George Foreman is known today as jolly George the entertainer: a genial pitchman with a ready smile, a promoter of products and ideas, an ordained minister with his own church, five wives (not simultaneously), and five sons all named George. It is a remarkable transformation from where he came from.
George was born and raised in the infamous Fifth Ward of Houston, Texas: nicknamed “the bloody Fifth” for all the violence. He grew up with his mother and stepfather and six other siblings, a large clan in a crowded house that did not have a bathroom. George was a big tough kid who liked picking fights more than going to school. He walked down the mean streets of the Fifth Ward, wordlessly punching strangers in the face and leaving them lying dazed on the ground.
After dropping out of school at age fifteen George hung out with gangs until he drifted into the Job Corps. There he learned to box. Boxing got young George out of the “bloody Fifth” and into the summer Olympics in Mexico City in 1968, where he won the gold medal in the heavyweight boxing division.
After his victory in the final match George waved a small American flag in the ring, a sharp contrast to the black fists raised by African American sprinters on the award platform.Foreman turned professional and spent the next five years knocking people out. By 1973 big George matched his record of 37-0, (34 by knockout) against the undefeated (29-0) heavyweight champion, Joe Frazier in a title fight in Kingston, Jamaica. In what became known as the “Sunshine Showdown,” Foreman demolished the heavily favored Frazier, knocking him down six times in two rounds to become the new heavyweight champion.
Foreman defended his new title against Ken Norton in Caracas Venezuala. In the “Caracas Caper,” Foreman destroyed Norton in two rounds. Norton and Frazier were the only fighters to have beaten Muhammad Ali. On October 30 1974 Foreman met Ali in Zaire Africa for the historic “Rumble in the Jungle.”
Foreman came into the fight a prohibitive favorite. There was fear he might actually kill the older Ali, who had so much trouble beating Frazier and Norton. But conventional wisdom got turned on its head when Ali knocked Foreman out in the eighth round to regain the championship.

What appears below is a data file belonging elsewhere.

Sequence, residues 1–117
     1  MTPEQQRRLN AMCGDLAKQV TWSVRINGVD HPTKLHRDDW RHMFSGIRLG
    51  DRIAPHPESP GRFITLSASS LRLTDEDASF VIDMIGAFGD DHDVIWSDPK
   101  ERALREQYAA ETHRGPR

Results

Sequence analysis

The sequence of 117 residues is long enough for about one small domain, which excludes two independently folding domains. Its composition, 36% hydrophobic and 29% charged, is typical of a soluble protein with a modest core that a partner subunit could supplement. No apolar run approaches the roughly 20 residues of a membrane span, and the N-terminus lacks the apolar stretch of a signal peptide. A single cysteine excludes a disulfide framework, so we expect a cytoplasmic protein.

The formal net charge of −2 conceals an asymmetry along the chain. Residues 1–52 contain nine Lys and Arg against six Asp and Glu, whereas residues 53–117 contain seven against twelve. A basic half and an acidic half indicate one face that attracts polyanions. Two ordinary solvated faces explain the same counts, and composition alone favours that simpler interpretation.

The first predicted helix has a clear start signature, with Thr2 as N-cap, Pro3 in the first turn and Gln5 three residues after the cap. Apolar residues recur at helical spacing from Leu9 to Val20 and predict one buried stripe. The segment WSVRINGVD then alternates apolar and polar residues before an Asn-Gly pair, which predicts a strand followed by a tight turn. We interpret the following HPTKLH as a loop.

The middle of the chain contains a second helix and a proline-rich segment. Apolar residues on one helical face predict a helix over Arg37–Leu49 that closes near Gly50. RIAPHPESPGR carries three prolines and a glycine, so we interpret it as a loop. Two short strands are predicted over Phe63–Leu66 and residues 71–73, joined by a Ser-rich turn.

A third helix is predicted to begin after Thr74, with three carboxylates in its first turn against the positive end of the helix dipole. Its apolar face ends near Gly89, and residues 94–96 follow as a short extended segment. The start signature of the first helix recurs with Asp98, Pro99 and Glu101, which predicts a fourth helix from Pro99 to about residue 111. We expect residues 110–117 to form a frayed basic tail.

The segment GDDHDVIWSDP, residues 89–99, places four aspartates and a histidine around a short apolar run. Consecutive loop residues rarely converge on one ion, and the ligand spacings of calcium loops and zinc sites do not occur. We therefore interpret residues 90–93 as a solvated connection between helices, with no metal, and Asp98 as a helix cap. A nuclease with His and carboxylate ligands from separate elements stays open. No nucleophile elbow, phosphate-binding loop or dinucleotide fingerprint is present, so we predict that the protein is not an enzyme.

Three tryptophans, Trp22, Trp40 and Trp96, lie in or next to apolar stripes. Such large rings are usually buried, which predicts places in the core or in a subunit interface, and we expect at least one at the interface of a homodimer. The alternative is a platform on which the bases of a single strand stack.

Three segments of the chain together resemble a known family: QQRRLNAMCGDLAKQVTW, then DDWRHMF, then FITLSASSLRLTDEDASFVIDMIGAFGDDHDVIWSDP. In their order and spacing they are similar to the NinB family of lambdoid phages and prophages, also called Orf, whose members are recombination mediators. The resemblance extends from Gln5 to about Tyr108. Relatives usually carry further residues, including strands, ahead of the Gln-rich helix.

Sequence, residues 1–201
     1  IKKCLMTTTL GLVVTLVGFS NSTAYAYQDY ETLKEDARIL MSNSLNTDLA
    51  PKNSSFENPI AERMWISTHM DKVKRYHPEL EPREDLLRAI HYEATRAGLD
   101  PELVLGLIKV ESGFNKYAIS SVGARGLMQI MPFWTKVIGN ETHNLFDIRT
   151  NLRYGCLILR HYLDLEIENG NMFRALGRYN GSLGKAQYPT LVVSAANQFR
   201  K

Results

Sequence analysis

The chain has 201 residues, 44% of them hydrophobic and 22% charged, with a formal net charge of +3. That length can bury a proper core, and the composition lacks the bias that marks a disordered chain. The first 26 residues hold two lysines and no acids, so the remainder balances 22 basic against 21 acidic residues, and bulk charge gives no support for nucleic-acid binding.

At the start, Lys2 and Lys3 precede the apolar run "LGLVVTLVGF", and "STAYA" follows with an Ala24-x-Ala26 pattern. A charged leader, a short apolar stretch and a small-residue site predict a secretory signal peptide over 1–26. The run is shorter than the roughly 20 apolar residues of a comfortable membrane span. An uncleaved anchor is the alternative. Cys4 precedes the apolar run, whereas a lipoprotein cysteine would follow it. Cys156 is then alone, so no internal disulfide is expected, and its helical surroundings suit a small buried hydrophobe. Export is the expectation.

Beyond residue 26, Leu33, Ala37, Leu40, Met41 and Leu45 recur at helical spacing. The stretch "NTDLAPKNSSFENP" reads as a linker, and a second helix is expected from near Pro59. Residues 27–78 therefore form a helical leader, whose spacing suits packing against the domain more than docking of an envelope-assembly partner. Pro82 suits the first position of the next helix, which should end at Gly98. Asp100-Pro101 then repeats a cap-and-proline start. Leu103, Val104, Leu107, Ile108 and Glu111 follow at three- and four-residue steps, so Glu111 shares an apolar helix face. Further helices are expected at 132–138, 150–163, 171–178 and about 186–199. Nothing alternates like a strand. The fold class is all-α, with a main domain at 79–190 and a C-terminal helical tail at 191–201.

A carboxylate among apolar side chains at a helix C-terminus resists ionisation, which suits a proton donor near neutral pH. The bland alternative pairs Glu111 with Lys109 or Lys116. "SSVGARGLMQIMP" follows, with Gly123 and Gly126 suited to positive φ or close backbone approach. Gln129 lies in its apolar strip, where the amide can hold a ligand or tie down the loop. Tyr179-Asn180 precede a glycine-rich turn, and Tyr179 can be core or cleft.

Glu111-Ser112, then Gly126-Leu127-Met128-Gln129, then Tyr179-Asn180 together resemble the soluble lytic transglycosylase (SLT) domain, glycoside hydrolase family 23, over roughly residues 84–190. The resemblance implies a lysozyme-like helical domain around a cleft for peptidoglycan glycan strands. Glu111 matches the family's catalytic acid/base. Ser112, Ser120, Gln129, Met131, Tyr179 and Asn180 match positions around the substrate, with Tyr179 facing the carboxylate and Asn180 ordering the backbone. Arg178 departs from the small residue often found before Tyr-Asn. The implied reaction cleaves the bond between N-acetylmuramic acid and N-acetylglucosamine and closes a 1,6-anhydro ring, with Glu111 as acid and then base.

Foreman’s glaring, surly persona did not intimidate the ring savvy Ali, who got an assist from his trainer Angelo Dundee. Years later Dundee confessed to illegally loosening the ring ropes so Ali could lay on the ropes out of reach of Foreman’s heavy handed attack. Even so, Ali later admitted that at least twice during the fight he blacked out from Foreman’s punches – he was knocked out without falling down.
Foreman wanted to be champ again, but in 1977 he lost a decision to Jimmy Young in sweltering Puerto Rico. After losing the fight George also lost himself. The twenty-eight year old big bad George Foreman who disdained religion and used intimidation and rudeness to navigate through the world disappeared. What happened?
Witnesses remember Foreman’s small dressing room feeling like an oven. George described the heat as “smothering.” Overheated and agitated, the big man paced. Then he passed out, fell down, and began a remarkable emotional, mental, and spiritual transformation.
Those with him thought Foreman was suffering from heat prostration or even heat stroke. Although his eyes were closed, George was wide awake. Later he recalled his experience at length:
“I was transported into a deep, dark void, like a bottomless pit…I lost my perception of direction, and didn’t know which way was up and which was down. This was a place of total isolation, cut off from everything and everyone…a vacant space of extreme hopelessness, like being dropped in the Atlantic Ocean with nothing to grab on to, a thousand miles from shore.
“I knew I was dead, and this wasn’t heaven. I was terrified, knowing I had no way out. Sorrow beyond description engulfed my soul… I truly felt this was the end of my life, and I saw – too late – that I had missed what life was meant to be about. I got mad, I was furious that I had fallen for the devil’s lies and deceptions. I screamed with every ounce of strength in me, “I don’t care if this is death. I still believe there’s a God!”